Discipline

My father had a PhD in Sociology, which meant he studied the behavior of people. My mother had a PhD in Child Development. They taught me that you reward what you want more of in your children and punish what you want less of. My mother would always end in with, “And when parents aren’t giving attention to their children, negative attention is better than no attention.” Meaning kids will act out and behave badly, even to get punished, because they are crying out for attention.

My mother’s love language was praise which is a great way to be raised, except as an adult I had a hard time with negative feedback. We had time-outs and when we didn’t obey right away the time-out would escalate by 5 minutes which I posted about in the 1st link below.

I have posted about the discipline books, 1-2-3 Magic and Parenting with Love and Logic. Parenting with Love and Logic really helped me with my last son. When you can’t make a teenager do what you ask them to do, like the dishes, you wait. Teenagers need something often, and the next time he needed something I could say, “I wish I could help you with that, but the last time I asked you to do ________________, you didn’t do it.” I liked how this method was no drama, just logic. He quickly saw that as families we help each other and it is a reciprocal relationship.

I was so happy to stumble on a book about coaching your child more on their emotions, called, Raising an Emotionally Intelligent Child: the Heart of Parenting, by John Gottman, PhD. I thought it was written by John Rosemond, which made me excited, because I have been reading his columns on parenting since the 1980’s, but it wasn’t–but more on him in a future post.

This is parenting at a higher awareness level because you are showing empathy and compassion instead of being reactive. Dr. Gottman also talks about how important it is to set limits, which resonates with me as well. Mary Pipher, a therapist, wrote In the Shelter of Each Other, and said, “All feelings are acceptable, but all behavior isn’t.”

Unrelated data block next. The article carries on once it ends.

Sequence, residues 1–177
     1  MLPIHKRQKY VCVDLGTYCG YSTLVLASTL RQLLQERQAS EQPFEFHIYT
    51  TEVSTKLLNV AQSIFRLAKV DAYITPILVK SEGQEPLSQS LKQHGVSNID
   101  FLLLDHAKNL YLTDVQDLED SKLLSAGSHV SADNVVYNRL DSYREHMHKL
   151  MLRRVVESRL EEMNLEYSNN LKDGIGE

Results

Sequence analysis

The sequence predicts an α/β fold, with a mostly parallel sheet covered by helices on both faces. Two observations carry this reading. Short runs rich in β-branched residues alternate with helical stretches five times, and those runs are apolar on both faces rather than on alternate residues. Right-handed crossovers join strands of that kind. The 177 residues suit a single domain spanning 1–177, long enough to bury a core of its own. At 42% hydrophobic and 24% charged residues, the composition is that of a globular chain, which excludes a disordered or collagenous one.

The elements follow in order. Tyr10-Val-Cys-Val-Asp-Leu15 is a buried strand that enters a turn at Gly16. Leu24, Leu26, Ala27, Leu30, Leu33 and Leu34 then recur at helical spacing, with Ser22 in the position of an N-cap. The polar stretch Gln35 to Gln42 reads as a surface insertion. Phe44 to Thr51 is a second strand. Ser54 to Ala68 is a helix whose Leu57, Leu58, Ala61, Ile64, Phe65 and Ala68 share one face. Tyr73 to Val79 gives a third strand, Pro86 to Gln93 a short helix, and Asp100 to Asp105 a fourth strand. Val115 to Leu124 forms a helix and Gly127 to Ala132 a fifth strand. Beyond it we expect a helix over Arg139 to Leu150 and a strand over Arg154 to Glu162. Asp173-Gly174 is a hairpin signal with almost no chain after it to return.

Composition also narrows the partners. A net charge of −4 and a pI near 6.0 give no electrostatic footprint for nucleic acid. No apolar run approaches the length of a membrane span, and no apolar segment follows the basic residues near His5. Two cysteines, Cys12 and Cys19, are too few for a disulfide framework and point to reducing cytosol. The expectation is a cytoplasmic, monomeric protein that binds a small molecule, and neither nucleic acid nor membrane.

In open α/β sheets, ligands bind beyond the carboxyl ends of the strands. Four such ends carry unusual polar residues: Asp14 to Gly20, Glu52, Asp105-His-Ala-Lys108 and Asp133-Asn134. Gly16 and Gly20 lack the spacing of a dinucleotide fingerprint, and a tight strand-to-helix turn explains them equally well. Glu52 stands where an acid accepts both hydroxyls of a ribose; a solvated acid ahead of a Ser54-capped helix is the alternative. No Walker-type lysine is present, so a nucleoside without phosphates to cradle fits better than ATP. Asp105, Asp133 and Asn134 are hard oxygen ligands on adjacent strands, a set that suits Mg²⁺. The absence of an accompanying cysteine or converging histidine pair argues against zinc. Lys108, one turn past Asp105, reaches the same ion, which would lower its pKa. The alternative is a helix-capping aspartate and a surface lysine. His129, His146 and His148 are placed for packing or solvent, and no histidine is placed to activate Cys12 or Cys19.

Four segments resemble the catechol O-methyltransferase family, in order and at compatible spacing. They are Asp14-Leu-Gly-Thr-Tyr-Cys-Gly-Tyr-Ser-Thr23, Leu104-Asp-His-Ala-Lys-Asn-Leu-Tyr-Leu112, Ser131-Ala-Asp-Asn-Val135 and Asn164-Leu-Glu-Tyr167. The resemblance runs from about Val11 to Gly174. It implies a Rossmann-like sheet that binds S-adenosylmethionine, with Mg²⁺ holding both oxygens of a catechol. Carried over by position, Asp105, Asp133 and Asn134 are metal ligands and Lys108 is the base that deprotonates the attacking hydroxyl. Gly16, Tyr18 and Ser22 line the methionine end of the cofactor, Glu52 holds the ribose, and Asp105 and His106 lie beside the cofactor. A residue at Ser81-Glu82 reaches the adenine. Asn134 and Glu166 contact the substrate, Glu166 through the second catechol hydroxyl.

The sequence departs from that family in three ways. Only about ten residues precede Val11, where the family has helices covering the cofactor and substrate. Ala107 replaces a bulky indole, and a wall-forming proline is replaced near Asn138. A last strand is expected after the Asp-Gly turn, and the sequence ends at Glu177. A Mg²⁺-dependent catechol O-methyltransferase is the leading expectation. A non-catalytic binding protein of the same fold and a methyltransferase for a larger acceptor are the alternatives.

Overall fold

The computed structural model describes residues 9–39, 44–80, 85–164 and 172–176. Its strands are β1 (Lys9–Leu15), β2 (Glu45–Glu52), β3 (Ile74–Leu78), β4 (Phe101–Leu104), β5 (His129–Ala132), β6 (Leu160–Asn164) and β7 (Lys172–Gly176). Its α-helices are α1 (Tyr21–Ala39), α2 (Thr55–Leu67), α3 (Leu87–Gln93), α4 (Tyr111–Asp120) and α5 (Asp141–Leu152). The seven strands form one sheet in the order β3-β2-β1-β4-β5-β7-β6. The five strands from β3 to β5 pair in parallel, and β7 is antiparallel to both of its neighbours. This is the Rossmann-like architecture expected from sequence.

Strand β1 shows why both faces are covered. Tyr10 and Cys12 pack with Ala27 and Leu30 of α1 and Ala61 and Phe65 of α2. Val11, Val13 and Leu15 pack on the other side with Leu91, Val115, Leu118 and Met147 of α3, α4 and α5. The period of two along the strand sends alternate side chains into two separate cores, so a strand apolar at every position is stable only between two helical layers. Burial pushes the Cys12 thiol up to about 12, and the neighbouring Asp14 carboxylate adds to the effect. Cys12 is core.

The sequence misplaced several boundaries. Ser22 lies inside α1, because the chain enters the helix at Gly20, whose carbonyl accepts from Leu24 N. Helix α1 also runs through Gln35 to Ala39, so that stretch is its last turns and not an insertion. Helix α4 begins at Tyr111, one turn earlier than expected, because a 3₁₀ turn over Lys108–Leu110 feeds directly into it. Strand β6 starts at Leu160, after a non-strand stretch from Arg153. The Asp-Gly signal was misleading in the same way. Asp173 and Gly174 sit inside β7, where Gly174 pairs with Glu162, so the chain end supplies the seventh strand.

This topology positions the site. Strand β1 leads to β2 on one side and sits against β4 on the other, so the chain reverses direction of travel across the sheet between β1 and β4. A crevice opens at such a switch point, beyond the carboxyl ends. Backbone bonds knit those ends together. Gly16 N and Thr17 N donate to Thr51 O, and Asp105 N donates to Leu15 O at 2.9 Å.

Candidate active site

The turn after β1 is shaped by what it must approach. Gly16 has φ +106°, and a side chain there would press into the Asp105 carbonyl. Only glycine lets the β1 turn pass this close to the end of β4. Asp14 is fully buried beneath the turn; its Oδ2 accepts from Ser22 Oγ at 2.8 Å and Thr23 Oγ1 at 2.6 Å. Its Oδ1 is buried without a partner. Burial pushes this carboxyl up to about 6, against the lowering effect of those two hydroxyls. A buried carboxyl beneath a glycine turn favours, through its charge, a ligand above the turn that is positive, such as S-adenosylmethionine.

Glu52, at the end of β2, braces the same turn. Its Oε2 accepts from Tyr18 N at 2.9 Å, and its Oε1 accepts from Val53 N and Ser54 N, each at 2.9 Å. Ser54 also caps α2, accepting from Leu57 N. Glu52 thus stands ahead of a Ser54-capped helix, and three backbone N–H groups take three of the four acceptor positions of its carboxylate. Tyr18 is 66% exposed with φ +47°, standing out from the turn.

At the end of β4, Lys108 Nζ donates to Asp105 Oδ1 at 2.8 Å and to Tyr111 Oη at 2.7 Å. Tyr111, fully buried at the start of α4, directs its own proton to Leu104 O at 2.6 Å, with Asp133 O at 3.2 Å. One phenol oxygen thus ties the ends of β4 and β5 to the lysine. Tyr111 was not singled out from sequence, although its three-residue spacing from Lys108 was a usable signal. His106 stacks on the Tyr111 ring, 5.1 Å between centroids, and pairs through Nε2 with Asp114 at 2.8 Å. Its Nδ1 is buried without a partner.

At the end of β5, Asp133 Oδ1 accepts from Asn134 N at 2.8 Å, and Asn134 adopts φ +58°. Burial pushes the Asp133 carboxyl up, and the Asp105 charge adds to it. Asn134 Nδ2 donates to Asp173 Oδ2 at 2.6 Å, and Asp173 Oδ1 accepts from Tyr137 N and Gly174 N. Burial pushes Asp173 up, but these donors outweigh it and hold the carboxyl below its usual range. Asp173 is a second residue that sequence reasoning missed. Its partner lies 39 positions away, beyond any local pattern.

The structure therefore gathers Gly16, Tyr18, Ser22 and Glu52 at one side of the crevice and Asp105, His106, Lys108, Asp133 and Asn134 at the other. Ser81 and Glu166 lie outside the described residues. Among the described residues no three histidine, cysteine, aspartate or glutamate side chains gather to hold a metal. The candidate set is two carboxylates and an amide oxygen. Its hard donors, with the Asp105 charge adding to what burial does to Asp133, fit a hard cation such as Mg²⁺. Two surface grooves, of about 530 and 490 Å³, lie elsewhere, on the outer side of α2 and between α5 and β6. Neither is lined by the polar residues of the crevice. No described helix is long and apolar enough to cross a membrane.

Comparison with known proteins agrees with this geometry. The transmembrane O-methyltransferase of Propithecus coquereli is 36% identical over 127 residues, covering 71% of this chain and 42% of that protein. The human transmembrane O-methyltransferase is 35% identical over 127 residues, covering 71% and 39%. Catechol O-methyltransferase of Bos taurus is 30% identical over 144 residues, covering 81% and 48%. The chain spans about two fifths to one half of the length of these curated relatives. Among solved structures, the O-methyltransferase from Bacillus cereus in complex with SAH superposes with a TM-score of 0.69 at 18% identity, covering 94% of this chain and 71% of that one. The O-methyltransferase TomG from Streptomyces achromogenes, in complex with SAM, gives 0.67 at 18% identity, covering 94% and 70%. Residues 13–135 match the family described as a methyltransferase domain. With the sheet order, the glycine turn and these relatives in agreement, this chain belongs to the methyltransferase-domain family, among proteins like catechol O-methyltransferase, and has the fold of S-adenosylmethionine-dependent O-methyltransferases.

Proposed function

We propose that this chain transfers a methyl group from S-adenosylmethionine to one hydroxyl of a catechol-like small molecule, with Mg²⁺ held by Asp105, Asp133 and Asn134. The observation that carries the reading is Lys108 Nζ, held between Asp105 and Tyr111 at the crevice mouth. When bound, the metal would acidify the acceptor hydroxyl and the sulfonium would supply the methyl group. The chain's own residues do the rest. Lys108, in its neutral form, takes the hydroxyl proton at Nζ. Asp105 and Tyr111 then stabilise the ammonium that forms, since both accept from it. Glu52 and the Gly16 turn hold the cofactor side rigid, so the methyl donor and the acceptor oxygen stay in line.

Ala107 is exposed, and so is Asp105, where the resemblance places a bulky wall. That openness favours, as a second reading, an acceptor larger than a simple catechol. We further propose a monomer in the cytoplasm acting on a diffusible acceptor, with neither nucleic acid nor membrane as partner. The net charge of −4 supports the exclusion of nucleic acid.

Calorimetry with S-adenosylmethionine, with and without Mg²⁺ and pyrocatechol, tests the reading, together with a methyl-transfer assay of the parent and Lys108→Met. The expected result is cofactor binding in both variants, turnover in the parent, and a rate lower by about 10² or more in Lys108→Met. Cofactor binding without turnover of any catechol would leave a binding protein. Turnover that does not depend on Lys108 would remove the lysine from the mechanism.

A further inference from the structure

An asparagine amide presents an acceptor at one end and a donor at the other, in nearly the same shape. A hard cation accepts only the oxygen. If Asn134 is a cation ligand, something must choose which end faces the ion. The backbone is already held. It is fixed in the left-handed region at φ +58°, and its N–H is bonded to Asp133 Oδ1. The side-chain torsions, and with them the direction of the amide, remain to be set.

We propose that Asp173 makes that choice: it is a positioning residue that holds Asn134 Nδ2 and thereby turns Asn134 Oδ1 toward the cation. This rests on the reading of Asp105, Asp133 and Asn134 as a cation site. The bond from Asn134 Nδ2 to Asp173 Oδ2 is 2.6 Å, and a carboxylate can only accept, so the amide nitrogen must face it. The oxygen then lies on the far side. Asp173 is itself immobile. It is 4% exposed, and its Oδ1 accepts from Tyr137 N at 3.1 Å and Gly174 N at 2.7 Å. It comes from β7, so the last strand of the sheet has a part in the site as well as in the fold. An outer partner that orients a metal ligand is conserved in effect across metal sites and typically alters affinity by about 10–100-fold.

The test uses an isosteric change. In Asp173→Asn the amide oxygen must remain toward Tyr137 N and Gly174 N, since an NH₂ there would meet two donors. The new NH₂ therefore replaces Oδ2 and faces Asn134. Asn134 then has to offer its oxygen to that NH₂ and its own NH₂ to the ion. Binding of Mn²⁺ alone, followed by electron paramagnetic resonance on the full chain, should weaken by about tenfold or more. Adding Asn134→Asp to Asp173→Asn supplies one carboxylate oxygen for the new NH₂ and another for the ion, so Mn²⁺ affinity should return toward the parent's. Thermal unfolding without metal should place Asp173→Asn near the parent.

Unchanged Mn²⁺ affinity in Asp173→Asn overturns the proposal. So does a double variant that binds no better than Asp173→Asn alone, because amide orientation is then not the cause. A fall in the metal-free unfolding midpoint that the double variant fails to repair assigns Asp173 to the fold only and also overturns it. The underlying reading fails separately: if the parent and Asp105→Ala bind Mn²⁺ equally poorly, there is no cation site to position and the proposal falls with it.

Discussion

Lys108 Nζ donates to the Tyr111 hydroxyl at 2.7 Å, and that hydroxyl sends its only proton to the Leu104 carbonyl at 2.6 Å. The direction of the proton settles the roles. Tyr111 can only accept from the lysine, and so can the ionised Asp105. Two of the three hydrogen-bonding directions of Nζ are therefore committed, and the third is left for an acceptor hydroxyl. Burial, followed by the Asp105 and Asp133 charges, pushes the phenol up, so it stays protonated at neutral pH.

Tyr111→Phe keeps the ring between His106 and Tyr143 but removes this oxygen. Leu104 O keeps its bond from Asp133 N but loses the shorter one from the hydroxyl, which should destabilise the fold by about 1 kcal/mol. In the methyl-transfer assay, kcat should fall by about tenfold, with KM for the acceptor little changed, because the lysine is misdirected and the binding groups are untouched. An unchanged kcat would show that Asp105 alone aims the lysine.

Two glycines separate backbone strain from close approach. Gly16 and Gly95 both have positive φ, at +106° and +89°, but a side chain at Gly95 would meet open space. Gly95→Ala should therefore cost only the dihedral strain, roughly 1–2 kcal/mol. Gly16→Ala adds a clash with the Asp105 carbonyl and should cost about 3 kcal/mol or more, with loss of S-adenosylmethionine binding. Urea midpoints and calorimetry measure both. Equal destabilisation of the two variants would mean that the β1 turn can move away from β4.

Dr. Gottman has the reader take an 81 question assessment of your parenting type. I resisted but finally did it and it’s well worth it. He speaks of four parenting types:

The Dismissing Parent–In this style a person

-treats child’s feelings as unimportant and trivial

-disengages from or ignores the child’s feelings

-wants the child’s negative emotions to disappear quickly

-characteristically uses distractions to shut down child’s emotions

-may ridicule or make light of a child’s emotions

-believes children’s feelings are irrational, and therefore don’t count

-shows little interest in what a child is trying to communicate

-may lack awareness of emotions in self and others

-feels uncomfortable, fearful, anxious, annoyed, hurt, or overwhelmed by child’s emotions

-fears being out of control emotionally

-focuses more on how to get over emotions than on the meaning of the emotions itself

-believes negative emotions are harmful or toxic

-believes focusing on negative emotions are harmful or toxic

-believes focusing on negative emotions will “just make matters worse”

-feels uncertain about what to do with a child’s emotions

-believes the child’s negative emotions mean the child is not well adjusted

-does not promote problem-solve with the child; believes that the passage of time will resolve most problems.

Dr. Gottman finishes this section with:

“Effects of this style on children. They learn that their feelings are wrong, inappropriate, not valid. They may learn that there is something inherently wrong with them because of the way they feel. They may have difficulty regulating their own emotions.”

Dr. Gottman gives excellent examples and stories to back up his research. As I took his assessment, I could see that I was doing some of the Disapproving Parent statements listed above. The hope of this book is that we can become more aware of what we are doing and improve.

Next Post: The Disapproving Parent.

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